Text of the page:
PERHAPS the most appalling thing about the Japanese invasion of Nanking in December, 1937, is not the bloody fact of the occupation itself, but that the facts of the event are in dispute. For three months, Imperial Army troops murdered, raped, tortured and burned Chinese citizens, and to this day, elements of the Japanese government deny it ever happened, or play a numbers game, attempting to downsize the casualty list.
It's as if a curtain of amnesia has been drawn across the former empire.
Commonly accepted numbers today include 340,000 killed, 80,000 women raped, a cultural heritage burned to the ground or stolen and shipped to Japan. As many as 30 million Chinese died during the 14-year war.
The "Rape of Nanking" was not a secret. It was widely reported at the time and was considered representative of the Japanese military presence in China. It also helps explain the anger the Western world felt toward Japan as war broke out. Among historians, Nanking ranks with horrors like the Holocaust and the Turkish slaughter of Armenians.
But bookshelves are filled with Holocaust studies and relatively little is devoted to Nanking or China. The exception is Iris Chang's "The Rape of Nanking," which has spent months on the New York Times' bestseller list.
There is hunger to know more -- whether the curiosity is about Nanking or about mankind's darker impulses remains to be seen -- and Chang has become a kind of historian-touchstone, crossing the country to speak about the subject. She will give a free talk 7:30 p.m. Tuesday at the University of Hawai'i Campus Center Ballroom.
Chang's own grandparents barely escaped the area. "Even if it's played out in our living rooms on CNN, Americans have a hard time caring about atrocities that place far away from us," said Chang, speaking from her home in Sunnyvale, Calif. "While there may be a bit of racism involved, what's happening in the former Yugoslavia these days is between Caucasians, and Americans don't care about them either."
Research wasn't that hard. "There are thousands of pages of primary source documents on the subject in four different languages -- English, German, Chinese and Japanese -- that were either published contemporaneously or afterwards."
As she dug deeper, Chang found herself appalled and horrified. The facts were so much worse than she imagined. Women raped until they bled to death. Babies killed by being tossed from bayonet to bayonet. Men used to fill ditches under the Imperial tanks. Contests between soldiers to see how quickly they could lop off heads of bound prisoners. The Japanese also took snapshots of their victims as souvenirs, and their deeds were reported glowingly in Japanese newspapers, as if slaughter had become a kind of national sport.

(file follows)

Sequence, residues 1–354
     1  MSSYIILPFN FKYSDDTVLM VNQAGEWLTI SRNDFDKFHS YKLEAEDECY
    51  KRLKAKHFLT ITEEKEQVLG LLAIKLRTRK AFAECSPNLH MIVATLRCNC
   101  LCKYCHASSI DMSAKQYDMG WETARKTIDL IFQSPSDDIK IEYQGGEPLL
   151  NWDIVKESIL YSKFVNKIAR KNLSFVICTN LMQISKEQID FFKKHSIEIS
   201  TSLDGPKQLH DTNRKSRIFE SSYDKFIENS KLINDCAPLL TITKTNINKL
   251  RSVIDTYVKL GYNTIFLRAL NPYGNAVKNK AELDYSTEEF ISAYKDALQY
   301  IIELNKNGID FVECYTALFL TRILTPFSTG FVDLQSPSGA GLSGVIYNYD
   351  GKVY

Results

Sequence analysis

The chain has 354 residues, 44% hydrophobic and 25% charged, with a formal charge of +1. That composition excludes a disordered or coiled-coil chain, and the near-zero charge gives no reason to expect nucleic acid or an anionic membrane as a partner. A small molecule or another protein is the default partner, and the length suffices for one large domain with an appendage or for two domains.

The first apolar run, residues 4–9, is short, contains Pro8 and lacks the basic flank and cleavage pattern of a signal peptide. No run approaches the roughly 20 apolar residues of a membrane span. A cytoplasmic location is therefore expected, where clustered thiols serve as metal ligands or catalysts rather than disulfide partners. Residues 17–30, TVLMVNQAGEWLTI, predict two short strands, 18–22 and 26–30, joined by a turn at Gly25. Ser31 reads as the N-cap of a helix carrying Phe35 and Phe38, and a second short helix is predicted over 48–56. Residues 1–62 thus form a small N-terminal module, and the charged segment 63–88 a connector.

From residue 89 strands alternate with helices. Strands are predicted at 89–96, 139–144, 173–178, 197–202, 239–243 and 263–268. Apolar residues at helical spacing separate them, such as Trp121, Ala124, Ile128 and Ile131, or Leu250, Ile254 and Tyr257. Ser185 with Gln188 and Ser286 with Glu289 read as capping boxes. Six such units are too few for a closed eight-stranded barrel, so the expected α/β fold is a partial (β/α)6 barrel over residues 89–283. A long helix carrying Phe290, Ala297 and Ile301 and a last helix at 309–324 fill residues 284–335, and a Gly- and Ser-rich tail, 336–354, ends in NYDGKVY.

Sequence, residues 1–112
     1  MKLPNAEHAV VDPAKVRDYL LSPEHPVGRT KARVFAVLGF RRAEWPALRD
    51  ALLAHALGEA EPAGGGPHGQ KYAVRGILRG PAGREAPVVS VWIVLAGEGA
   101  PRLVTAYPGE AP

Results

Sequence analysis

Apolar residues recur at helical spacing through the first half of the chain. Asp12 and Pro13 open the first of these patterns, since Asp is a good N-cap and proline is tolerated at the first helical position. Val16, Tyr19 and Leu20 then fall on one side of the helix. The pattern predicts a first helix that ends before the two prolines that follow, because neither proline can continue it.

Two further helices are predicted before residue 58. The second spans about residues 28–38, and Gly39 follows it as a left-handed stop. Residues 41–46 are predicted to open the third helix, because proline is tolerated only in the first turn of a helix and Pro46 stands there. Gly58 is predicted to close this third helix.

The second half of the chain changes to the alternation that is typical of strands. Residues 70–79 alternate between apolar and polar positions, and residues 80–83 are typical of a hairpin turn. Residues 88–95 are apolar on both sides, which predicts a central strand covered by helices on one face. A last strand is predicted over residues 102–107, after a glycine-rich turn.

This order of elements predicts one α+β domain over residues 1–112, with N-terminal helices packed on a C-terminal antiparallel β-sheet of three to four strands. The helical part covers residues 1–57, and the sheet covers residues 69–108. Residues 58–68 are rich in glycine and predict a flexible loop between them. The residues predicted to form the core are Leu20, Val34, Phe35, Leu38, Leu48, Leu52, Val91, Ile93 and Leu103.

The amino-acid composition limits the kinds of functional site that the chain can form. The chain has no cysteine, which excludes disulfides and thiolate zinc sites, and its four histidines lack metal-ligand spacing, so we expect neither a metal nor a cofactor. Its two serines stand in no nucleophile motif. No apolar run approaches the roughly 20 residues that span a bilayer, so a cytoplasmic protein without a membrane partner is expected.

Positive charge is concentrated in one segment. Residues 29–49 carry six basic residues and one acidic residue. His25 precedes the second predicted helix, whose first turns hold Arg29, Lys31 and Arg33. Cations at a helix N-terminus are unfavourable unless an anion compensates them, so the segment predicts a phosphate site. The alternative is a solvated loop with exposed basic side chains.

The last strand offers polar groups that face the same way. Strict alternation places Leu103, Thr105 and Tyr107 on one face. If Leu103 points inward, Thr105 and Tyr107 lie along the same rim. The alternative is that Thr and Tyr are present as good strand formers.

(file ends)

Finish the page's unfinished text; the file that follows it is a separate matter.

"We're still seeing these kinds of atrocities in places like Rwanda or Bosnia or Indonesia. And we might be even in a worse situation today because of nuclear weapons. We still have in the human species the same dark impulses that launched the Rape of Nanking," Chang said.
Even so, a kind of numbness crept in. Photographs of Nanking horrors that once upset Chang simply became part of the research landscape, and then it was upsetting to realize that as well. She speculated that immersion in such events leads to a psychological deadening, a defense mechanism, and helps explain why so many went to their deaths without fighting back.
"The pain of writing the book would frighten me at moments when I'd least expect it," said Chang. "I was trying very hard not to let these atrocities poison the other aspects of my life. I'd find myself taking a walk around the park, or shopping, or doing something on my own, and gruesome images would pop into my brain when I'd least expect it. Put me in a foul mood for the whole afternoon. So -- as I thought I was becoming desensitized, I really wasn't."
And she found herself becoming tolerant of little things "that would have really bothered me months earlier. I felt extraordinarily lucky for the life that I have. Perspective."
Chang's public speaking connects in ways that her skills as a writer cannot. She sees, for example, that audiences become emotionally moved when confronted with the massacre. "The outpouring of emotion often leaves me drained," she said. "I certainly didn't expect that.
"It's been the most remarkable journey. The last three years, ever since I started, it's been as if I've been moving through a dream."